Received from: Nautilus
Congress notes that during the coronavirus pandemic countries closed their borders leaving around 300,000 seafarers globally unable to return home at their end of their contracts. This includes an estimated 2,000 UK seafarers who were stranded onboard as crew changes were cancelled.
Maritime professionals supply 90 per cent of global trade, including medical supplies, PPE and food which were vital during the pandemic. Despite this, many countries ignored the basic human rights of seafarers, banning them from leaving their ships, refusing them medical care or transiting countries to return home. Some seafarers are being forced to work way beyond their contracts and some have been onboard for up to 15 months.
Congress welcomes the UK government’s initiative and leadership in hosting an emergency crew-change summit to address the unfolding emergency, encouraging other countries to designate seafarers as keyworkers and facilitate safe passage to allow crew to leave their vessels and for relief crew to join.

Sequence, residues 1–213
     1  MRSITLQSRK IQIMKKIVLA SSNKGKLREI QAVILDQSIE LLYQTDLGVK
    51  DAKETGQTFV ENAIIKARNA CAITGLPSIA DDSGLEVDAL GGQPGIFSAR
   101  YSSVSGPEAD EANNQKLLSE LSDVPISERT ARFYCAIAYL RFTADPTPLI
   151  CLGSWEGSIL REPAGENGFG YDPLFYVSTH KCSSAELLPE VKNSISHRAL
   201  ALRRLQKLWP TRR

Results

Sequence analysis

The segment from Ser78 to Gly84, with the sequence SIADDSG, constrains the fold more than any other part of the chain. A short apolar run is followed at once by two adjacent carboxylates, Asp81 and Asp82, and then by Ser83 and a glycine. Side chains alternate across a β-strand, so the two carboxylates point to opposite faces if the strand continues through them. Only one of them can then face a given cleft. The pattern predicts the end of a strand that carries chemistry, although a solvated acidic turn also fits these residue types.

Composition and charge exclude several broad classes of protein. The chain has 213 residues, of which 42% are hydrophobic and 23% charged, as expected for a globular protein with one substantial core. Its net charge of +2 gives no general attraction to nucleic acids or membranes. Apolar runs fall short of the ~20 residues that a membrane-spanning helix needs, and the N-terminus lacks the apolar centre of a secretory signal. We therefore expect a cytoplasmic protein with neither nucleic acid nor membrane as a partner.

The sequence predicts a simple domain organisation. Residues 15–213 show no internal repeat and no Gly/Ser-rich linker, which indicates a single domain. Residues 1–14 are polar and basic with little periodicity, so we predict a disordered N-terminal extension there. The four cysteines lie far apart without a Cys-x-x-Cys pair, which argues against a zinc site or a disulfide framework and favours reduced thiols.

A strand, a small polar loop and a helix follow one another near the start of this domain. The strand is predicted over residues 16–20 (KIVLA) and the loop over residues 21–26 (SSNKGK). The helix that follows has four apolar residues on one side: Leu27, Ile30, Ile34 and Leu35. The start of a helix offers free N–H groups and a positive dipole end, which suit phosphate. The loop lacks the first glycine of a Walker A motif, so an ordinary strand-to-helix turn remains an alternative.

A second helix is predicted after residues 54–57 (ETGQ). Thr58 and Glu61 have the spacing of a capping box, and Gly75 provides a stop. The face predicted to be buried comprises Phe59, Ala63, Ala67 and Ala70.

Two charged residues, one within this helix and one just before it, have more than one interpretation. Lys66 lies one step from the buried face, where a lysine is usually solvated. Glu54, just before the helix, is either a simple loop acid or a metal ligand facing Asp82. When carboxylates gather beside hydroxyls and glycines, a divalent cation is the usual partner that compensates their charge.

Congress congratulates the UK government for taking an international lead on this issue and encourages them to continue to press other countries to support seafarers.
Congress calls on the government to work with unions and international organisations to seek improvements to global legislation and close the loopholes which allow vital employment protections to be ignored at times of crisis.
Congress further calls on the government to conduct a full review of the impact of the pandemic on the maritime sector and the nation’s resilience.